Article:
Finnish kids have outperformed their peers in other countries for years now. It started out as a way to help turn their economy around, and it ended up being quite successful.
“Educators had little idea it was so successful until 2000, when the first results from the Programme for International Student Assessment (PISA), a standardized test given to 15-year-olds in more than 40 global venues, revealed Finnish youth to be the best young readers in the world. Three years later, they led in math. By 2006, Finland was first out of 57 countries (and a few cities) in science. In the 2009 PISA scores released last year, the nation came in second in science, third in reading and sixth in math among nearly half a million students worldwide.” (1)
For starters, as a whole society, they truly value education, which includes trusting and respecting teachers. Being a teacher requires a master’s degree, but is also a highly regarded profession, similar to being a doctor over here in the US.
I won’t delve into this too much because there’s a lot I can say on the subject, but as a former classroom teacher, I can honestly say that, except for possibly a day or maybe even a week in the spring, teachers are not respected or appreciated by the majority of society, and it’s a systemic problem with our entire education system. Why else would the teacher retention rate be so low, and why else would districts all over the country be struggling to find teachers? Read about an American teacher’s experiences and realizations from a trip to Finland here.
Another huge difference is that Finns focus on the whole child (not just reading and math), and the atmosphere isn’t competitive like it is in the US.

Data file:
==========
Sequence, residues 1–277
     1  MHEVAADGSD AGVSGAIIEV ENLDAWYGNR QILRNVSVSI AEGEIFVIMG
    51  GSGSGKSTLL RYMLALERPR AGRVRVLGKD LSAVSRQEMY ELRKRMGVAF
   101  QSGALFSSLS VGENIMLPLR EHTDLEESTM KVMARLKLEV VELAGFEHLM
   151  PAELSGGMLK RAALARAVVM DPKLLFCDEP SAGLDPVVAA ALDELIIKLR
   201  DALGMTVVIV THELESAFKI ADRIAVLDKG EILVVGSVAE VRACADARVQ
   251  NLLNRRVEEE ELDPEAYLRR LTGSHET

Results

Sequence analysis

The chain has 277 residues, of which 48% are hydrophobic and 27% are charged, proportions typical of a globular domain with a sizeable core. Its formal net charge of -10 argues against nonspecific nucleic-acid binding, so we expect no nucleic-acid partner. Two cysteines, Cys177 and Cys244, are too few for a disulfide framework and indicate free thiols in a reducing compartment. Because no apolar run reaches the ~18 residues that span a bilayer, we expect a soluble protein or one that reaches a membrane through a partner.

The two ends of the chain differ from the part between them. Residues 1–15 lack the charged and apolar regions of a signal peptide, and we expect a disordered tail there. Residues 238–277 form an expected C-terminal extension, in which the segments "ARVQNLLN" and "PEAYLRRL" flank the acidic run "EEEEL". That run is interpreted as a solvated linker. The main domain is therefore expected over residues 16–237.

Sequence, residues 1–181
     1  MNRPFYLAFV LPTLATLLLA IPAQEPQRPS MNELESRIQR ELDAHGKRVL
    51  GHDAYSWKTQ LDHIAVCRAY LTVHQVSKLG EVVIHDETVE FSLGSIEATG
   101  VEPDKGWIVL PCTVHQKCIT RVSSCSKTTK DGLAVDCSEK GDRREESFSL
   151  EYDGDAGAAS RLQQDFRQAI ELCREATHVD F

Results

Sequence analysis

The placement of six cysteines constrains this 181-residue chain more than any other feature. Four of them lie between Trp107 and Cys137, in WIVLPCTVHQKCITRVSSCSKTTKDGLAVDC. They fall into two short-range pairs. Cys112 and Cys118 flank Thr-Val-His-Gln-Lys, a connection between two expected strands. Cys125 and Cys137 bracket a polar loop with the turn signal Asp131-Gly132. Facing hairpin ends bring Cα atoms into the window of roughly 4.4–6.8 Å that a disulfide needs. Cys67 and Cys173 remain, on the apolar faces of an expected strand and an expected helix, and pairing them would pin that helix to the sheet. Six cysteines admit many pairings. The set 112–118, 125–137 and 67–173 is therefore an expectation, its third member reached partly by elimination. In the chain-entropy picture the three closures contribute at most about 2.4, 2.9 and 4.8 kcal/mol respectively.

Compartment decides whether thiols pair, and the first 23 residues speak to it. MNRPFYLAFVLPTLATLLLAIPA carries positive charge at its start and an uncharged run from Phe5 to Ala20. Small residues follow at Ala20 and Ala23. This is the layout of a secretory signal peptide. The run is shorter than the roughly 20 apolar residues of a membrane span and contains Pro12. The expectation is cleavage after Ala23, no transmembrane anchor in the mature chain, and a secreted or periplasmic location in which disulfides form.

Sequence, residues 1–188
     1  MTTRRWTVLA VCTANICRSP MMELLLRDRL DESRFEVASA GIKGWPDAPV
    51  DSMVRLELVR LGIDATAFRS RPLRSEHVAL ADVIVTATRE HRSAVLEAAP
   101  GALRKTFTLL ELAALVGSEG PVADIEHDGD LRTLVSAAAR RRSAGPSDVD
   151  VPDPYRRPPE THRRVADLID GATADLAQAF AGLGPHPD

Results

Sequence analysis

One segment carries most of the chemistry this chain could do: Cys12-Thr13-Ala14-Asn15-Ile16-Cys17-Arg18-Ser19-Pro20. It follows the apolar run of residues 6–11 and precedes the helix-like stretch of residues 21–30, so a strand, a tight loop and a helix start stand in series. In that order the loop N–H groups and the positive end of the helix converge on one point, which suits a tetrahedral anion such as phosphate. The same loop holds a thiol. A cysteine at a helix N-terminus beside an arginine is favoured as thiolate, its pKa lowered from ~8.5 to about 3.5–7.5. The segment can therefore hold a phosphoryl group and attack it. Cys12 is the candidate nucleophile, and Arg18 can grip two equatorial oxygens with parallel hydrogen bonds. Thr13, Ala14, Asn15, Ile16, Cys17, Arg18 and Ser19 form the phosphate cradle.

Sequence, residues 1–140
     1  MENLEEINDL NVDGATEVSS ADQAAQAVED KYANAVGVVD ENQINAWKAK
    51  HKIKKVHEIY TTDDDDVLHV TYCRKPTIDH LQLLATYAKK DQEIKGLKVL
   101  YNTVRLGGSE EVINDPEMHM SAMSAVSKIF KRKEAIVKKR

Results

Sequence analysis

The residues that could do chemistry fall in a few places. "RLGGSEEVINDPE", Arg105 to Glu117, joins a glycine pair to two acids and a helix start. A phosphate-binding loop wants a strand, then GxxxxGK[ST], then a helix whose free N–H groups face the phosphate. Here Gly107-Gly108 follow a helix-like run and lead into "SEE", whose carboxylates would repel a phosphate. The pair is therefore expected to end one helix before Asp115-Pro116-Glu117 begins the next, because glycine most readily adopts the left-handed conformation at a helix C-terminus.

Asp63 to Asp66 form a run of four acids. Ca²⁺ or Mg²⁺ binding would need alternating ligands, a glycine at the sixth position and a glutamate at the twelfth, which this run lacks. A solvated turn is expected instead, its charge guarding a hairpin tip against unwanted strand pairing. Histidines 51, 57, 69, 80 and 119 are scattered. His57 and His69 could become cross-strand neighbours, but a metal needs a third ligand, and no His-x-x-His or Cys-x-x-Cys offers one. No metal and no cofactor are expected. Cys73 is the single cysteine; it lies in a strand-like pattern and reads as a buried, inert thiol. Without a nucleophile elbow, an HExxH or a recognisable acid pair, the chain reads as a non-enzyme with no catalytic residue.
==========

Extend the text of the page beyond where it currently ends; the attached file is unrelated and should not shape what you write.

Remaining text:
In fact, they’ve done away with almost all of those! Instead, “it is about creating globally competent, critical thinkers who are ready to be successful in their post-graduation life.”(2).
Now, having studied and been trained in the Common Core, I believe that’s what it aims to do, so we may see some shift in our schools and children as it’s around longer (and teachers are given the proper materials). But, even this shift in our standards has caused a huge uproar, especially among parents.
Imagine if children went to school and were the leaders in their own education, regularly having their own “ah-ha” or “light bulb” moments! You’re much more apt to find that in a Finnish school than in an American school. And, it’s working.
Finland has a 93% graduation rate, which is 17.5% higher than in the US (and they spend less than us on education). In addition, 66% of Finnish high school and vocational school graduates go onto pursue higher education, which is the highest rate in the European Union. Clearly, the Finnish have successful outcomes with their public school system, but what about our littlest learners? How can Finland’s education system help them?
“Children spend far more time playing outside, even in the depths of winter. Homework is minimal. Compulsory schooling does not begin until age 7. “We have no hurry,” said Louhivuori. “Children learn better when they are ready. Why stress them out?”” (1)
Children aren’t required to attend school until they’re 7!? Wow! That’s quite the contrast from the US, where starting kindergarten is considered to be starting school “late” and it’s viewed as doing children a disservice NOT to send them to preschool or some sort of transitional or “pre” kindergarten. Finland has a free public full-day preschool and kindergarten, but it’s structured differently than most of ours. More importantly, the purpose of it is different too.
In Finland, preschool is “not a place where you dump your child when you’re working. It’s a place for your child to play and learn and make friends.” (3) That sounds similar to here in the United States, but their goal is different.
In the US, the focus is on preparing students to do well in kindergarten, which means sitting down and doing their work, being able to read, write and do some basic math. In Finland, however, “The focus for kindergarten students is to “learn how to learn,” Ms. Penttila said. Instead of formal instruction in reading and math, there are lessons on nature, animals and the “circle of life,” and a focus on materials-based learning.” (3).
Wow! What a difference. It’s a HUGE mindset difference, and if they’re doing that at a young age, imagine the difference it makes as children get older. Combined with a different approach and philosophy regarding education, I think it’s key in creating lifelong learners and students who are critical thinkers and successful after high school graduation.